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Photos from Canoe Camping and All My Secret Locations

Photos from Canoe Camping and All My Secret Locations
By Bryan Hansel • Issue #50 • View online
During this issue, I’ll feature a few images from a recent canoe trip that I took with my 7 year old. Then I’ll speak briefly about sharing locations on social media.

Recently, my kid and I did a S24O (sub-24 hour overnight) trip to a local lake that we like to camp at. He and I have been doing a camping trip there at least once a year for the last several years.
Usually we canoe into a remote campsite, but this time we decided to swing through the front country campground first. As luck would have it, my favorite campsite was open. We snagged it, set up the tent and then did the normal camp things, such as fly fish, canoe, hang out, watercolor paint, and, of course, photo take.
I also had a chance to try out a Watershed Ocoee with a small, shallow F-stop ICU to carry my camera gear. It worked great. The Ocoee is a small waterproof duffle bag and the ICU is a padded insert. The ICU fits inside the Ocoee perfectly and works better for this size duffle than Watershed’s own camera insert. There isn’t as much protection of the camera gear at the top of the duffle as Watershed’s bag, but it makes the duffle much more usable. Usability vs. Protection. It’s a tradeoff that I decided was worth it.
I've been shooting a lot of blue-sky photos lately. They seem to get good responses on social media.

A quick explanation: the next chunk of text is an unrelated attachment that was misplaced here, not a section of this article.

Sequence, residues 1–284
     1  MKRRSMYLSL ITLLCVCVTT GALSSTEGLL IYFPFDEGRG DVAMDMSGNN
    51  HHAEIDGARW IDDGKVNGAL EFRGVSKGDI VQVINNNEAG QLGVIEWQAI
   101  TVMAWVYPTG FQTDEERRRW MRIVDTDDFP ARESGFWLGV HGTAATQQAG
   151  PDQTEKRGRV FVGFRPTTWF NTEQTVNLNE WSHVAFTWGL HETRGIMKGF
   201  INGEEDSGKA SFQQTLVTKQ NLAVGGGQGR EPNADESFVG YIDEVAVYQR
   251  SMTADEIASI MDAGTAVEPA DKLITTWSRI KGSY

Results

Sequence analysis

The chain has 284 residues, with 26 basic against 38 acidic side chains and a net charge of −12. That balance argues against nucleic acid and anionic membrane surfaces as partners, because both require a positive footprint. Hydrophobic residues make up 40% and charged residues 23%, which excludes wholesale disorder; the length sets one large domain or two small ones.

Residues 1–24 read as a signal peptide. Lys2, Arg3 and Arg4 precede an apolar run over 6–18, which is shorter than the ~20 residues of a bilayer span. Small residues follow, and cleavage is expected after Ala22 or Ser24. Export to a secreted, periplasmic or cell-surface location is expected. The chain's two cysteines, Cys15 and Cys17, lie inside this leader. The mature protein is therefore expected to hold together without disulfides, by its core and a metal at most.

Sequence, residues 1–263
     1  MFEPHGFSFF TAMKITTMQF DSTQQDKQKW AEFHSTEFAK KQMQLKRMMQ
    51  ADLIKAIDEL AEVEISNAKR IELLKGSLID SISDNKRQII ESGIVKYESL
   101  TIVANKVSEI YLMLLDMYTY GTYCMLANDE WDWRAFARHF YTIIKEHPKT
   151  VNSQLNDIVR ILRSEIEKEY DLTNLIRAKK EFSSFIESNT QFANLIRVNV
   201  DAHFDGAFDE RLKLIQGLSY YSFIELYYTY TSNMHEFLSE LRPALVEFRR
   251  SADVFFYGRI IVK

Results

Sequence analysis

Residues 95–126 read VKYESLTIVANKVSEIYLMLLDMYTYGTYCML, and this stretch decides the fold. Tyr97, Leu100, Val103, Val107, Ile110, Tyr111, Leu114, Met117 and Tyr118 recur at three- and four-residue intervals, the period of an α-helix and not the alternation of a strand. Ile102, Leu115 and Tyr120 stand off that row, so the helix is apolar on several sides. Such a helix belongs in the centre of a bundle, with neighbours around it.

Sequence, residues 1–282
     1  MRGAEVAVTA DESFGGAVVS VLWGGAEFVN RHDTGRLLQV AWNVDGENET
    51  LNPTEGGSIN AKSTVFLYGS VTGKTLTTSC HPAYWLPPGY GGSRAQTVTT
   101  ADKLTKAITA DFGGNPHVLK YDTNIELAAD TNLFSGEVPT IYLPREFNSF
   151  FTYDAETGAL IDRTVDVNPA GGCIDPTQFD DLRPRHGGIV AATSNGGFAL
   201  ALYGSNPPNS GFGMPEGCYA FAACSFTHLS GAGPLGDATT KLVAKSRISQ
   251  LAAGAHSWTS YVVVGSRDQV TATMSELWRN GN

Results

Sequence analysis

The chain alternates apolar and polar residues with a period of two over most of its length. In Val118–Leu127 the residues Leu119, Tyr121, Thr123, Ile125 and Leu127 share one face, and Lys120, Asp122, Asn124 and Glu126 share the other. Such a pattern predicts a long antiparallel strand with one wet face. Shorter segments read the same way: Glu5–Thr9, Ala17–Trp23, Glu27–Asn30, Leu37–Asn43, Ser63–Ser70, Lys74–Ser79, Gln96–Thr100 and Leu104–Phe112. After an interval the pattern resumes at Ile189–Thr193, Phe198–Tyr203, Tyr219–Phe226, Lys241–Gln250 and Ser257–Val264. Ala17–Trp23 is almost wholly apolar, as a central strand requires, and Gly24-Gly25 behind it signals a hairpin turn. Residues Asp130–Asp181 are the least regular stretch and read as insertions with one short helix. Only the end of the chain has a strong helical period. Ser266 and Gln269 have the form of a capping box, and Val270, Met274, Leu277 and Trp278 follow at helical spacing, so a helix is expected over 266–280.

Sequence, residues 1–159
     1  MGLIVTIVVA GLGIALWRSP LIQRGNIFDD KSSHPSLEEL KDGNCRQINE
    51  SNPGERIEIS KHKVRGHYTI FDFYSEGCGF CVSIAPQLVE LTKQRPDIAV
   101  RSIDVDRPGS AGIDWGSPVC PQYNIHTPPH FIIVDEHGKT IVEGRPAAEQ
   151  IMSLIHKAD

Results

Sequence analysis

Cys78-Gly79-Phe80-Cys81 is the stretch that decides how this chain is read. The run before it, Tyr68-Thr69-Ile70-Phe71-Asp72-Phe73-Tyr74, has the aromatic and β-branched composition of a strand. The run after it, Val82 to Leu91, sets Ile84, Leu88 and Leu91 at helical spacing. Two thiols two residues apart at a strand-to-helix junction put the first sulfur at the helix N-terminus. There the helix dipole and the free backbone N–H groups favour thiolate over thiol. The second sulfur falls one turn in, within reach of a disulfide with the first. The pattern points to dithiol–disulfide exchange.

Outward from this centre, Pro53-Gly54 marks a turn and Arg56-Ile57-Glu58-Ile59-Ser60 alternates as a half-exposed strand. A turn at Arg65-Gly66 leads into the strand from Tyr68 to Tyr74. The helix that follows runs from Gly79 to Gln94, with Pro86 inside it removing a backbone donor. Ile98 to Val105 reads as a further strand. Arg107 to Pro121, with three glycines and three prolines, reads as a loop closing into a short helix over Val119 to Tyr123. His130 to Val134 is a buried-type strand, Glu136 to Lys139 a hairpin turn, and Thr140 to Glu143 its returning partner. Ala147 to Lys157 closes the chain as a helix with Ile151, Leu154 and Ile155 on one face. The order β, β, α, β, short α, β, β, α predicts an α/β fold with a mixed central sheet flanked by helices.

I've been shooting a lot of blue-sky photos lately. They seem to get good responses on social media.
While the sunset wasn’t worth shooting, the night stayed clear and was amazing for night sky photography. I put my kid to sleep and then went down to the shore (our campsite was right on the shore). The stars reflected in the still water below.
Looking north at the arms of the Milky Way.
Looking north at the arms of the Milky Way.
I left something back in the tent and went back to get it when I found that my sleeping pad had deflated completely. I pulled it out and found a big hole! Luckily, I had Tenacious Tape (if you buy from the link, I get a small commission) with me. It fixed the biggest hole, but I didn’t find the small hole.
30-minute star trail shot. The earth's rotation causes the stars to turn into streaks.
30-minute star trail shot. The earth's rotation causes the stars to turn into streaks.
The entire night was about 1 hour of sleep until I bottomed out on the ground, and then I had to re-inflate the pad. I was so happy when my alarm went off for sunrise. It was a relief, and the sunrise was amazing!
I add to reduce the orange saturation from what it appeared like to our eyes. It wouldn't have been believable in a photo even though we saw it.
I add to reduce the orange saturation from what it appeared like to our eyes. It wouldn't have been believable in a photo even though we saw it.
My kid is an early riser, and he woke up to watch the sunrise with me. He said, “Dad, I’ve never seen an orange like that.” It was brilliant.
The sunrise was so good that the sky turned pink to the north.
The sunrise was so good that the sky turned pink to the north.
All My Secret Locations